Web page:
Accept your role. You will have a supporting role moving forward, whether you like it or not. Management of bipolar disorder is a full-time job for your loved one, and that is pretty much the case for you as well.
Be gentle. It is hard to know how to communicate with someone who is bipolar. Kindness and patience are always best.
If there was a bizarre act (or acts) associated with bipolar disorder, focus on the illness and not the act. This is tough, but very important. Remember, they had absolutely no true intent to hurt anyone.
Lower your expectations. Accept the fact that there will be hiccups — some small, some big — along the way. Learn to appreciate the baby steps toward health.
Embrace the positives of bipolar disorder. Yes, they do exist. In Suzy’s case, she wants to “live” — to travel, have experiences, and follow creative pursuits.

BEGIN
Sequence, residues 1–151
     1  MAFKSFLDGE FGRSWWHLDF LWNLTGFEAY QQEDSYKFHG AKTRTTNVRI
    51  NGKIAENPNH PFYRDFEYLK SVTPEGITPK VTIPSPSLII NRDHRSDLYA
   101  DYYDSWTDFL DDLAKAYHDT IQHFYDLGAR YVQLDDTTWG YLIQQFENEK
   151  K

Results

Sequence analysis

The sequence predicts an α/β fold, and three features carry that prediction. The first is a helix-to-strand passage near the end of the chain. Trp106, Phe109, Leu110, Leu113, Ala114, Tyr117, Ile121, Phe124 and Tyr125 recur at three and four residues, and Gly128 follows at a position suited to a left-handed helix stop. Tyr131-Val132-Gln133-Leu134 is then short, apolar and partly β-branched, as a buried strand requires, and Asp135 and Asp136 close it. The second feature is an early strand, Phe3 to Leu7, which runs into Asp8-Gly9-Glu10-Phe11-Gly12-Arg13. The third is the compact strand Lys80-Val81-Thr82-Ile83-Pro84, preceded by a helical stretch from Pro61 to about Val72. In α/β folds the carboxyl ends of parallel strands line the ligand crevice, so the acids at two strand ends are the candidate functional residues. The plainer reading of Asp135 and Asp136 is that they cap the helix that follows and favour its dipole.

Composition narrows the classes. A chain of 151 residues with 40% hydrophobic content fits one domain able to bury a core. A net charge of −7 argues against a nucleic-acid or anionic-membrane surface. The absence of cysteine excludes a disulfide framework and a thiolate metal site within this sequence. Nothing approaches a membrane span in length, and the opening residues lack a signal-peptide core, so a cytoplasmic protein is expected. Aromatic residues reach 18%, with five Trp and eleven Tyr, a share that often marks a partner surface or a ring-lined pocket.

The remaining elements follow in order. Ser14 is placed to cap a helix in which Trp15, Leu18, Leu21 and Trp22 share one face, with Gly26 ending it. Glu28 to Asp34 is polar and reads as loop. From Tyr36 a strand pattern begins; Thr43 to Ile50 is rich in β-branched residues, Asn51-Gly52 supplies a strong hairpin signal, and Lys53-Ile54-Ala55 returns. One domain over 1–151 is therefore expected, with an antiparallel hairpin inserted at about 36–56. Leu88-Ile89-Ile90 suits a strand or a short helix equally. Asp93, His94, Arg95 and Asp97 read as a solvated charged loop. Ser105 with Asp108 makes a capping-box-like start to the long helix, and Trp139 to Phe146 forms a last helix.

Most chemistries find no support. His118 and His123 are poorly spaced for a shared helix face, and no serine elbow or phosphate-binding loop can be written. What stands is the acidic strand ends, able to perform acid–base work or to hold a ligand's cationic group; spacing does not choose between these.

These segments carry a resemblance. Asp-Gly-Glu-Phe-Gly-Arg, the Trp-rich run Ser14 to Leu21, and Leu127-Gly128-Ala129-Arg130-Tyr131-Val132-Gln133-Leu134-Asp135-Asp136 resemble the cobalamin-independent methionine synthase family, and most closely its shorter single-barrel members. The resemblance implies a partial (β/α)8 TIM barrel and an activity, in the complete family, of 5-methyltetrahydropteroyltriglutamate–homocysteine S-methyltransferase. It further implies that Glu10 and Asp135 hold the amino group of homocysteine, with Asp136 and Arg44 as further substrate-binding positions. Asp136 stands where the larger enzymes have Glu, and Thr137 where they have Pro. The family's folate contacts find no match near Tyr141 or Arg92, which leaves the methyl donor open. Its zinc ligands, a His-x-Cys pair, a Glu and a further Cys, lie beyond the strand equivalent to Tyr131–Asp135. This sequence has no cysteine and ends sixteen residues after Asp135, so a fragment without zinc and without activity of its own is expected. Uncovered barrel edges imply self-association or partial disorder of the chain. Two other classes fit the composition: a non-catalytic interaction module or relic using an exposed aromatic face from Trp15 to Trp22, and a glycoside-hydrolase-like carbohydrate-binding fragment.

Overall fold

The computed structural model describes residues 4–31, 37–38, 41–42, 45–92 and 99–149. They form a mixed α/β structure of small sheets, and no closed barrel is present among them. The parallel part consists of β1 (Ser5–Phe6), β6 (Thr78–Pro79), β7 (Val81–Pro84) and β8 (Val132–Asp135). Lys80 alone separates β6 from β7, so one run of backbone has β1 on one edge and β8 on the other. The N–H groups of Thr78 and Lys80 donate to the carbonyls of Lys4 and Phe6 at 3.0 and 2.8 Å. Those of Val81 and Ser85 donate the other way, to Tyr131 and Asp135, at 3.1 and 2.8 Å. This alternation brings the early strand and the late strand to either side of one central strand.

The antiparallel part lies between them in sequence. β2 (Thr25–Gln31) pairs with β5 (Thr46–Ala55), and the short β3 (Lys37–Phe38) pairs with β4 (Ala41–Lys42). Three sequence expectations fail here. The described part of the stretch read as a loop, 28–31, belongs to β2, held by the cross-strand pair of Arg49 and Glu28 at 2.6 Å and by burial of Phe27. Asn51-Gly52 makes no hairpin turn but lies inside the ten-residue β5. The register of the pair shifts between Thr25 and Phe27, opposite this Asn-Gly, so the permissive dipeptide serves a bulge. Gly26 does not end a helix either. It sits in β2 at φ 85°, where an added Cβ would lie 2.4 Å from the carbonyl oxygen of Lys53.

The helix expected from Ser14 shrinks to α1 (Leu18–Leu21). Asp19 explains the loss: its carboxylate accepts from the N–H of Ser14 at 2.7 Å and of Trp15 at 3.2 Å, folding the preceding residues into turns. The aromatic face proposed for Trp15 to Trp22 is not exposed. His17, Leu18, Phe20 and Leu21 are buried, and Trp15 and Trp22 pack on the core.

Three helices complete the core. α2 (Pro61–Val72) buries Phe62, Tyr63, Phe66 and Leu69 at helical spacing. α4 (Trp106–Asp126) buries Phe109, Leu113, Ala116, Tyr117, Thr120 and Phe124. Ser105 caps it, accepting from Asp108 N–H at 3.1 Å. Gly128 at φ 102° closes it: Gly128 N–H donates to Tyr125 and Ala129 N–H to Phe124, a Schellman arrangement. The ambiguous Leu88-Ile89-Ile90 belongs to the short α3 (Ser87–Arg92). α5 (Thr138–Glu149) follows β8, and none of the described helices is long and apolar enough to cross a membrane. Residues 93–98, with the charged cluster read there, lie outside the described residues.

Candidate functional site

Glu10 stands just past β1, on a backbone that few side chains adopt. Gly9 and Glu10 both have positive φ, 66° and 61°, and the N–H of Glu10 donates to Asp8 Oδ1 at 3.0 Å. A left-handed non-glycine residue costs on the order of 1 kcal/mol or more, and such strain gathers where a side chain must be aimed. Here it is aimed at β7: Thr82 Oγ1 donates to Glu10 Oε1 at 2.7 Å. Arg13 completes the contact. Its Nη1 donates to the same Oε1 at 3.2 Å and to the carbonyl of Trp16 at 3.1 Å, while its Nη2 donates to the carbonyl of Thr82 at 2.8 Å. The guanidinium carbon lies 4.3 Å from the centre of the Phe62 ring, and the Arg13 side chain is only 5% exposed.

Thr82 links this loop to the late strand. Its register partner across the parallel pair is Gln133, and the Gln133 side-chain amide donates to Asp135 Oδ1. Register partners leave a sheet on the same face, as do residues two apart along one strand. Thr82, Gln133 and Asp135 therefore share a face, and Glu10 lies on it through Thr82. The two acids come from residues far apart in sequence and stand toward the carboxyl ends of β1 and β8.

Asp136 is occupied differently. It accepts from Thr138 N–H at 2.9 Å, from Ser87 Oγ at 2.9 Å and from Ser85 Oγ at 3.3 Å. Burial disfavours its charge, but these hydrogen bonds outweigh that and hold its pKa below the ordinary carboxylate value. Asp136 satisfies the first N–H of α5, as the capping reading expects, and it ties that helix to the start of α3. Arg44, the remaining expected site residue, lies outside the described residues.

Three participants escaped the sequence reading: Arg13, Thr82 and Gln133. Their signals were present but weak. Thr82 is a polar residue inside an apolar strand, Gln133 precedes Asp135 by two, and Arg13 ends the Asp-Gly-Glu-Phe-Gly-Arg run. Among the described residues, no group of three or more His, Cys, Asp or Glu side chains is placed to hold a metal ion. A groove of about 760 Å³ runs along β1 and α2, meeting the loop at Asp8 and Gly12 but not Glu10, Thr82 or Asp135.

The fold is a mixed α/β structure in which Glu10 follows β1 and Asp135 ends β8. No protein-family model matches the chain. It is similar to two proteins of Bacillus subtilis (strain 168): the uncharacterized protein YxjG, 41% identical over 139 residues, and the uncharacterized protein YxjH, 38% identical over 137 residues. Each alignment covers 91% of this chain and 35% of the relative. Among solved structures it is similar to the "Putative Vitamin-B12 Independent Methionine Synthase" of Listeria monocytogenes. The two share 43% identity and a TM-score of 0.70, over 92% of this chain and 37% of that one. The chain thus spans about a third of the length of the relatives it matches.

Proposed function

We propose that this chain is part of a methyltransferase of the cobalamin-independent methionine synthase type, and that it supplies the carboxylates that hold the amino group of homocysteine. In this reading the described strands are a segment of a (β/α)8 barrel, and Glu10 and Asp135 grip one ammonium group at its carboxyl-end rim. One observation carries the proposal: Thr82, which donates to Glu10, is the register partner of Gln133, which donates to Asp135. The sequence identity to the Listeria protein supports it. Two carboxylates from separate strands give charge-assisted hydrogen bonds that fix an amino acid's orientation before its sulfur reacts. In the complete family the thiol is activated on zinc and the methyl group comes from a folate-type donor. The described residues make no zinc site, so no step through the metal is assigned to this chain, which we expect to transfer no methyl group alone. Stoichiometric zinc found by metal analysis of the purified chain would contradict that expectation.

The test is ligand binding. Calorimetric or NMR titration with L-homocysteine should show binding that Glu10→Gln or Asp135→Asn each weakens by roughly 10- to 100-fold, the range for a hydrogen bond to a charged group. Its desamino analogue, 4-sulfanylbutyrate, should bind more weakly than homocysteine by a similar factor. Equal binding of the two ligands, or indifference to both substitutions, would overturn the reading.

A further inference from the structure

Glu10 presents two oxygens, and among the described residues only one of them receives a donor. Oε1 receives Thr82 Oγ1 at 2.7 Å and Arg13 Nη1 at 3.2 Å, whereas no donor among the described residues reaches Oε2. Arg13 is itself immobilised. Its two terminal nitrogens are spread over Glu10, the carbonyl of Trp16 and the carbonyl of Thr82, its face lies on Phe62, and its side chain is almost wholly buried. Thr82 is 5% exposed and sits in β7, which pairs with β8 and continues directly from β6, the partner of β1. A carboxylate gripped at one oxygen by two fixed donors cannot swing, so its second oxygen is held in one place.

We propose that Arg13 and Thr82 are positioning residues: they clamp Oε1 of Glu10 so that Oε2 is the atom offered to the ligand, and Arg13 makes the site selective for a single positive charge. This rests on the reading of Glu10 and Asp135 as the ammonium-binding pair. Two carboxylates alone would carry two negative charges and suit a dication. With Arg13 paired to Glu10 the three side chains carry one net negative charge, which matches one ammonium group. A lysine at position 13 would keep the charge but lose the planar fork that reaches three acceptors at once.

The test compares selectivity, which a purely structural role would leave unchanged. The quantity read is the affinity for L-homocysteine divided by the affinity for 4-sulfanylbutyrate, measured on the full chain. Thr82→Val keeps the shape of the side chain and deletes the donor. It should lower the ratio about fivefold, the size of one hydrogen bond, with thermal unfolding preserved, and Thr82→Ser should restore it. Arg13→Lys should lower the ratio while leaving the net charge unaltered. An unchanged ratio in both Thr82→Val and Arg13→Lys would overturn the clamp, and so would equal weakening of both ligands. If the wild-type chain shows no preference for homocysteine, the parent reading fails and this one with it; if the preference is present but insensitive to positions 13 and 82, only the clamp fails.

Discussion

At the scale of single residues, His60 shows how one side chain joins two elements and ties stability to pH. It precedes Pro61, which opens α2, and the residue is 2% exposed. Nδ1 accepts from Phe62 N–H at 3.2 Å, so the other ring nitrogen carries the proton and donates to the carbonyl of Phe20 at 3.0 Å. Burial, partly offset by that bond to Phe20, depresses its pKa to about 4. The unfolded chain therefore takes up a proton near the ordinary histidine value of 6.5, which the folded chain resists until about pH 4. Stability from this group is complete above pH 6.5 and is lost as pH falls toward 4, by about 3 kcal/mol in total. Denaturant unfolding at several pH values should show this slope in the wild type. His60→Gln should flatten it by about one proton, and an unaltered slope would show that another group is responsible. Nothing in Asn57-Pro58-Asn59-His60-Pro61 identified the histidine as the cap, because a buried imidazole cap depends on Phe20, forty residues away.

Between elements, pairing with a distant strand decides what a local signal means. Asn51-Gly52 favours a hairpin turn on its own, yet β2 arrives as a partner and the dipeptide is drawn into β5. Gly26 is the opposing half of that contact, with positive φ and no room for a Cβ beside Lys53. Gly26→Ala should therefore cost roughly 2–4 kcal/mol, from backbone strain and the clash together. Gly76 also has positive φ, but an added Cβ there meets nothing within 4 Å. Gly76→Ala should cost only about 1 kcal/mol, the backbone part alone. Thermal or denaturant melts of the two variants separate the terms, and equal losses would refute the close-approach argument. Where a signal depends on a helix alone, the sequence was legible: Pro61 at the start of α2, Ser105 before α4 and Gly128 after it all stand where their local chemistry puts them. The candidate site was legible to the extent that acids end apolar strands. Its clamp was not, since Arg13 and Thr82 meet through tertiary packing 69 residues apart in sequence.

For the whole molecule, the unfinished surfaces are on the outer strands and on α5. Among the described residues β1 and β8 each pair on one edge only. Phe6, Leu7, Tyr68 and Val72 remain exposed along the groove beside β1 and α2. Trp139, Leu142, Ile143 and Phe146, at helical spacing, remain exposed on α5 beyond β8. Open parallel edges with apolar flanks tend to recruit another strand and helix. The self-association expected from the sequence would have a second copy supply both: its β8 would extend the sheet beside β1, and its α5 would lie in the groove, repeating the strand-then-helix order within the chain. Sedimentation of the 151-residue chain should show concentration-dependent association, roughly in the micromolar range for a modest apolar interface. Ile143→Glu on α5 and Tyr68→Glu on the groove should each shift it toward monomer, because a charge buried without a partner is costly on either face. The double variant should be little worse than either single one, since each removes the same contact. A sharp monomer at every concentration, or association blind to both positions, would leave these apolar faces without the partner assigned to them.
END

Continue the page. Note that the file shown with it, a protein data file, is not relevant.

Help create an environment that is conducive to managing bipolar disorder. This typically means limiting stress and triggers. For Suzy, I encourage exercise, travel, and her various forms of artwork because these things help her. Creating the right environment may shift your life entirely, but it creates a better result in the long run.
Learn. Read everything you can, and talk with others in your situation. It will help you increase your understanding and compassion. You’ll never completely relate to what your loved one is experiencing, but this will definitely help.
Don’t take actions personally. Understand that what comes across as selfishness and narcissism on their part is not intent to harm you. They often do what they need to do to feel alive and survive.
If you have a child, educate him or her about bipolar disorder. This is a wonderful way to teach compassion and understanding at a young age.
Do not stifle your loved one. Let them live, be independent, and be content.
Believe me, at times things may seem impossible when living with bipolar disorder. But nothing is impossible. Managing the illness is all about knowledge, patience, and taking the right steps. More than anything — even though it may be difficult at first — it is about love and support. Your actions can literally mean the difference between life and death.